Category Archives: 20 Minutes into the Future

Weekly rundowns on the latest science fiction television series by Sherryl Vint

20 Minutes into the Future Infinity

Technology, Entertainment, Design: SyFy’s Helix

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DESPITE SOME B-grade acting and melodramatic character back stories which do not inspire me to take their emotional depths seriously (i.e. Alan’s (Billy Campbell) childhood and his dull flirtation with Sarah (Jordan Hayes), whose secret cancer seems another tired cliché), SyFy’s Helix continues to fascinate me with its world building. This week we saw some […]


20 Minutes into the Future Revolution

The Future, As Seen on TV

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In 1982, cultural critic Fredric Jameson published “Progress verses Utopia: or, Can We Imagine the Future” which argued against the commonplace belief that science fiction was about the future. Instead, he suggested, the role of science fiction is “not to give us ‘images’ of the future” but “rather to defamiliarize and restructure our experience of […]

20 Minutes into the Future SF_column_11214 MG Original

The New Posthuman: SyFy’s Helix

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THE BIG NEWS in sf television this week is the premiere of SyFy’s Helix, from producer Ronald Moore whose reboot of Battlestar Galactica did more than any other series to convince mainstream audiences that science fiction can be relevant to contemporary experience. The premiere event was organized to gain a mass audience as quickly as […]


20 Minutes into the Future BadRobot

Who would win in a fight between Bad Robot and Mutant Enemy?

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THERE IS NO QUESTION that two of the dominant forces in genre television right now are J.J. Abrams and Joss Whedon. Abrams’s Bad Robot company logo lies behind many of the science fiction programs currently on the air, including Revolution, Person of Interest, and Almost Human. Abrams himself is associated with the celebrated series Lost […]

20 Minutes into the Future SFimage12813

Back to the Present of the Future: Continuum and the War on Terror

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By Jonathan Alexander I’LL BEGIN WITH A DISCLAIMER: as much as I love SF, time-travel stories are my least favorite.  Granted, notable exceptions abound: H. G. Well’s Time Machine, which arguably launches the genre of SF as a whole, and Greg Benford’s Timescape are both brilliantly executed fables that use time travel to meditate on […]


20 Minutes into the Future, Week 8 almost human

Robot Revolutions: “Almost Human”

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THE LAST OF THIS YEAR’S new science fiction programs, Fox’s Almost Human, debuted this week, a co-creation of J.H. Wyman and J.J. Abrams, who seems to have his hand in most things science fictional these days. Wyman and Abrams first teamed up for Fringe, a reinvention of The X-Files with less government conspiracy theory and more of […]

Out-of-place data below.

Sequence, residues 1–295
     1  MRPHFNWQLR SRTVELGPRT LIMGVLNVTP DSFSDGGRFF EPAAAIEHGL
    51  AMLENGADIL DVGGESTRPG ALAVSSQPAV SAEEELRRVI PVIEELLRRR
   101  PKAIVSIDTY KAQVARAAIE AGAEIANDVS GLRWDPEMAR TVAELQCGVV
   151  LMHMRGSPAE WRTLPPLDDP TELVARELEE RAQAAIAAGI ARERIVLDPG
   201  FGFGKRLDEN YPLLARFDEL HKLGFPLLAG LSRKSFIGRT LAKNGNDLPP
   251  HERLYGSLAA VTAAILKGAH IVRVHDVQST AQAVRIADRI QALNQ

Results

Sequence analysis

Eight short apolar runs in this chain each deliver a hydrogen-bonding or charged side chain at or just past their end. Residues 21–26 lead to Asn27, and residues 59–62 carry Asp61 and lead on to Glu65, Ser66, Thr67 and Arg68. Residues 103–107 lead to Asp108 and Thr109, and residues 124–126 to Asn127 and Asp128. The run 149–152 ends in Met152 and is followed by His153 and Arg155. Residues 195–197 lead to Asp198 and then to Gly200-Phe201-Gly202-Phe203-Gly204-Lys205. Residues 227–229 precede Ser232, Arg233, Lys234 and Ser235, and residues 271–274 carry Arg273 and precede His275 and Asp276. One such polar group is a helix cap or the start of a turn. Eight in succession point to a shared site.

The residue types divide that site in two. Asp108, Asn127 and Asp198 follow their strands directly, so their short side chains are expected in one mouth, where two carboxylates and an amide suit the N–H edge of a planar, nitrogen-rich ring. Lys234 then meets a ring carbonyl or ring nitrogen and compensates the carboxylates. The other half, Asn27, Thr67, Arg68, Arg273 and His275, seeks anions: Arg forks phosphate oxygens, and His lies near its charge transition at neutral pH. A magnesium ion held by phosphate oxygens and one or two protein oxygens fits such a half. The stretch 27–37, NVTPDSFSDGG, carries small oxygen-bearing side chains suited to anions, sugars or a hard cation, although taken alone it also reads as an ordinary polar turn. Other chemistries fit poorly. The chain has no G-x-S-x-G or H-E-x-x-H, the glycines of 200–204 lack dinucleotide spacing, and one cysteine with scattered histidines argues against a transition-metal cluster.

20 Minutes into the Future, Week 6 Vint 1117

Superheroes and TV IV: Possibilities and pitfalls of contemporary television

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THE TERM TVIII has been used in television studies to describe the state of television in the 21st century. This third state of television comes after TVI, the origins of the medium in a few broadcast networks whose programming was limited to certain times of day, and after TVII, the period of deregulation and expanded […]


20 Minutes into the Future, Week 5 Dracula-poster-

Steampunk Dracula

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SCIENCE FICTION television this season continues to work through the anxieties of our contemporary moment in coded ways, from Revolution’s staging of another civil war in the battle between the “patriots” and the United States (although, confusingly, these patriots are those opposed to the ethos enacted by the Patriot Act); to Arrow’s defense of the […]


20 Minutes into the Future, Week 4 outcasts

One Season Wonders: “Outcasts” and “Terra Nova”

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by Jonathan Alexander ONE OF THE PLEASURES of TV these days is the Netflixable delight of watching entire seasons in a weekend. You might have to wait till the series is done to binge properly, but the bingeing is sometimes worth the wait. And the complexity of the long TV narrative is better appreciated, in […]


20 Minutes into the Future, Week 3 Identity

Men Behaving Badly: White Masculinity in Science Fiction Television

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TELEVISION IS A PLACE where we work through our cultural anxieties and project idealized versions of our selves. Even if no one really believed that Father Knows Best, it was comforting to imagine a benevolent patriarchal authority. As male series leads became more complex, viewers nonetheless inevitably sympathized with protagonists, seeing the good heart beneath […]